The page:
1:40 p.m., Feb.12, 2013

Shootouts put I back in team sports

Playoff overtime in sports can be one of the most thrilling, uplifting events, or it can be absolutely soul-crushing. There is one thing, though, that can be even worse…shootouts.

I am very familiar with shootouts, and I am still not entirely sure I’m sold on the idea. They have been in soccer for years and have even decided World Cup matches. Hockey has followed suit and seen many Olympic and other international tournaments be decided, or nearly decided, via the shootout. For Laramie County Community College, however, the shootout brought about the end of what was an otherwise fantastic men’s soccer season.

Golden Eagles soccer put out by shooutout

The Golden Eagles’ men’s soccer team was 13–4–1, with an 11–1–1 record in Region IX. With high hopes for winning it all, the team saw an early exit when they lost to Western Wyoming Community College in a shootout following a 1–1 tie. It was an undesirable end to a phenomenal season. In team sports, such as soccer and hockey, the shootout in some ways feels like a cheap gimmick, especially in the playoffs.

Hockey and soccer are both team sports, in which all the players work together to move the puck or ball around the playing surface with the goal of getting past the defenders. But the shootout takes away that team aspect. It forces players into a situation to use a skill set not entirely necessary for regulation play. It takes away the team aspect from the game and puts it all on the individual. It rewards not necessarily the hardest working team, but the one with the best shootout ability.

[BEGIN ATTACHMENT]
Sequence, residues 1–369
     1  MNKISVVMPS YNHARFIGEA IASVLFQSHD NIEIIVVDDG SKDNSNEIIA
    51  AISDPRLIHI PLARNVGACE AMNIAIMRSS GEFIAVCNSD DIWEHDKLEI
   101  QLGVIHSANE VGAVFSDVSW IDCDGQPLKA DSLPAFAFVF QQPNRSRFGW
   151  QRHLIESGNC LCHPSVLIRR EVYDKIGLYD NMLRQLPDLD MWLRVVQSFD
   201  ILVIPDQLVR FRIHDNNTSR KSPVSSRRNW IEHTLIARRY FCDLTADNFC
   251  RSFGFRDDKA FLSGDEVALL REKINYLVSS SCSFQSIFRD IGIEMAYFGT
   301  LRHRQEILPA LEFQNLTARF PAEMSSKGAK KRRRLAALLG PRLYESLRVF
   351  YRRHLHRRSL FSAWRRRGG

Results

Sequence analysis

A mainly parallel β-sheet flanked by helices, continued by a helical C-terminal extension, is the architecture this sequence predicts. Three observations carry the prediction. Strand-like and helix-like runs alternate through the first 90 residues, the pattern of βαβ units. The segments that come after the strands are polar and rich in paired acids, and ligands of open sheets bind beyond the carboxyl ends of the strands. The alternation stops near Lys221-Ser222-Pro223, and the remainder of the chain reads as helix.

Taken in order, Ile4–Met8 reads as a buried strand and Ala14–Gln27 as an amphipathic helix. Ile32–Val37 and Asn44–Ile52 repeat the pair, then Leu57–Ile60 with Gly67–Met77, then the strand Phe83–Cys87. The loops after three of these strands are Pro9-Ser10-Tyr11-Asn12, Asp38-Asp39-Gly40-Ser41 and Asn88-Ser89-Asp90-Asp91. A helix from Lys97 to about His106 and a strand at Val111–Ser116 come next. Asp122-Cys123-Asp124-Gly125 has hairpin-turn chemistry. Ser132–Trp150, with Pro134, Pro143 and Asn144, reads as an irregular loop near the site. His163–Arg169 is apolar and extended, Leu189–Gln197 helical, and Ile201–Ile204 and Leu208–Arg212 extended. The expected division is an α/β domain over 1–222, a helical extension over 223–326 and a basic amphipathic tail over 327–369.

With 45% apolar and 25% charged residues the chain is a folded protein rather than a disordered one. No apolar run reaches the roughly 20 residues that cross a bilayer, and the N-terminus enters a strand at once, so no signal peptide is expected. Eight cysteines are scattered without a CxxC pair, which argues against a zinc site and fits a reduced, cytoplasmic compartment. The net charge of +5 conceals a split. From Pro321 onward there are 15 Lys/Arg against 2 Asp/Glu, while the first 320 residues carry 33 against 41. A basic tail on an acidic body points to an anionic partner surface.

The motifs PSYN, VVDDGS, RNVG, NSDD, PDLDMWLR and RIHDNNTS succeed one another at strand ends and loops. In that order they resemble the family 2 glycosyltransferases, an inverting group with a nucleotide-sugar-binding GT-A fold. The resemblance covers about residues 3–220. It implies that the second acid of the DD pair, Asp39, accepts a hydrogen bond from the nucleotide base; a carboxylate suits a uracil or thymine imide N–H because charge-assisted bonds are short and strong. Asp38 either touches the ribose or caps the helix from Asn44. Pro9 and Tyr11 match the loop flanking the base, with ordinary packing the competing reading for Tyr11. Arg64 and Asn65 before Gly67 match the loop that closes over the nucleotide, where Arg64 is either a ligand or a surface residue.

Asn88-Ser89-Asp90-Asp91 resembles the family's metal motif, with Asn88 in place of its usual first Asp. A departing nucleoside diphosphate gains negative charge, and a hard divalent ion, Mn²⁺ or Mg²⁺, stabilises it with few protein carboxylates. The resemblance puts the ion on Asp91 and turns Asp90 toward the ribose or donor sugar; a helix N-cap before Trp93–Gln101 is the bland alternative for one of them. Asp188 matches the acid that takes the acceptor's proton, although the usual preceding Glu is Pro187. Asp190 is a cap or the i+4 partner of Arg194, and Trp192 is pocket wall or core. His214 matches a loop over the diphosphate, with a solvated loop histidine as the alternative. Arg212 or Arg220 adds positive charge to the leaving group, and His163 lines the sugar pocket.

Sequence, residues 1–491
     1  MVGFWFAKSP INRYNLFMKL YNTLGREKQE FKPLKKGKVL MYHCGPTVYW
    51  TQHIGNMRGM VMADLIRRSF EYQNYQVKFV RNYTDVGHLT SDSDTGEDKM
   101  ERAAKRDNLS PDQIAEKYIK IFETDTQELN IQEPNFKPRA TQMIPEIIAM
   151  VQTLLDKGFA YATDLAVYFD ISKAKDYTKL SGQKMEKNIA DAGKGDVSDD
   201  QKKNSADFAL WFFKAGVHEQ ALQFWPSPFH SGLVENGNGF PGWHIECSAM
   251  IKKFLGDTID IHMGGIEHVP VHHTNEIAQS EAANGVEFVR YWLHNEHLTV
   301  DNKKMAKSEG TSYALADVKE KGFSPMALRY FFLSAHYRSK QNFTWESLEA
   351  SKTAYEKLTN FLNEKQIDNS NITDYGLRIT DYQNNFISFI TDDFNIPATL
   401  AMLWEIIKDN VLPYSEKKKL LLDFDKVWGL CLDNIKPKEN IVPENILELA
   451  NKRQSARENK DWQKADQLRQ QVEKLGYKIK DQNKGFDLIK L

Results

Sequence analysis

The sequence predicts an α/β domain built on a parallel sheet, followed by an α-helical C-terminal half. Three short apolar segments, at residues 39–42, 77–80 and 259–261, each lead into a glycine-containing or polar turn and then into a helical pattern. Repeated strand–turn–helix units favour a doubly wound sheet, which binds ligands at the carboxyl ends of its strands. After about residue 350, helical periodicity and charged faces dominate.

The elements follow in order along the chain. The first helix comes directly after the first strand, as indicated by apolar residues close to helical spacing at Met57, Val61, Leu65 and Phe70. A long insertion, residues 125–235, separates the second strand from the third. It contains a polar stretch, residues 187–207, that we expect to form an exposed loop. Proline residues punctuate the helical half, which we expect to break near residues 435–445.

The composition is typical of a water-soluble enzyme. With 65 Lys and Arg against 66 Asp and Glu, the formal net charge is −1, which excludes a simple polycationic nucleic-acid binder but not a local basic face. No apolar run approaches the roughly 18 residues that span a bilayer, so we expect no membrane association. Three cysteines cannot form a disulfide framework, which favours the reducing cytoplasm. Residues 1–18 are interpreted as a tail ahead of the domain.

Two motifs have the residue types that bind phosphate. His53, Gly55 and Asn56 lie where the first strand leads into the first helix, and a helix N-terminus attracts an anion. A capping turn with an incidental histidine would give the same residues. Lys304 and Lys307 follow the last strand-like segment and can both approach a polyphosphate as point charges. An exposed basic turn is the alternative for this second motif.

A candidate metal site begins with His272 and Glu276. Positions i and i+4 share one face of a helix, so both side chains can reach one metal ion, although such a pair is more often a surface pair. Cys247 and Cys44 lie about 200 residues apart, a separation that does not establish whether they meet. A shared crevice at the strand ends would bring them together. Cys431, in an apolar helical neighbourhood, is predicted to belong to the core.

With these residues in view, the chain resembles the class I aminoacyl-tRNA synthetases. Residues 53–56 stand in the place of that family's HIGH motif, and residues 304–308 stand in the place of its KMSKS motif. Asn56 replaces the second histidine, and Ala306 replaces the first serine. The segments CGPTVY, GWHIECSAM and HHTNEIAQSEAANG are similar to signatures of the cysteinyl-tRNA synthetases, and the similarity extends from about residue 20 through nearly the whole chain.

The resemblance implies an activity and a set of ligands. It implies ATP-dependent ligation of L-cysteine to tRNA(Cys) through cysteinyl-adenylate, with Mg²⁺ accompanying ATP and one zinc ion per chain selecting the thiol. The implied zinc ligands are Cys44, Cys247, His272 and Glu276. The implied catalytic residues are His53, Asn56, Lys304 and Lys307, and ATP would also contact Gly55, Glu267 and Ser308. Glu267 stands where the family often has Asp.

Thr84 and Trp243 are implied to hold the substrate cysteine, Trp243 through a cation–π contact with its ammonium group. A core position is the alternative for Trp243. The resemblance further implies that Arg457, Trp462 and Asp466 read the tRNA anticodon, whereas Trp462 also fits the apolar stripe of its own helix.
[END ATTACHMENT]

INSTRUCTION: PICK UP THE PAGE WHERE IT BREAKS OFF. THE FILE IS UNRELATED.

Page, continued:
A scenario that does not exist but illustrates the point just as well is if in football, rather than having overtime, they would kick the ball to one person and only have one defensive player on the field. It would be only those two on the field. While that scenario sounds absolutely absurd, it is much the same idea as in hockey and soccer.

Shootouts have their time, place

This is not to say I am entirely against shootouts because I do see some reasoning behind them. In the National Hockey League, for example, they use shootouts only to decide regular season games, and then, only if nobody scores during the five-minute 4-on-4 overtime period they play. This is done to facilitate the quick turnaround that many of these teams must make, as often times, immediately following a game, they must head to the airport for home, or to another game.

It also keeps the games at a reasonable length. It gives the fans some incredible highlight reel footage. In the playoffs, though, the NHL plays continuous sudden death overtime until one team scores. That is the way playoff contests should be decided.

The reasoning behind shootouts in collegiate sports, and youth sports, especially to decide state or national championships, is not entirely related to the game itself but because of the management of the playing surface. Many tournaments, including the one that LCCC lost, have multiple games scheduled that all must be played. If they did adopt continuous overtime, it could be a disaster if a team headed into double or triple overtime and then had to play another one or two games after that. Games could end up not starting until almost 11 p.m. in some cases.

For that reason alone, the shootout will probably always be a part of big tournaments, but it still does not make the case for it to be the only way. Team games should be won by the team, not the individual.

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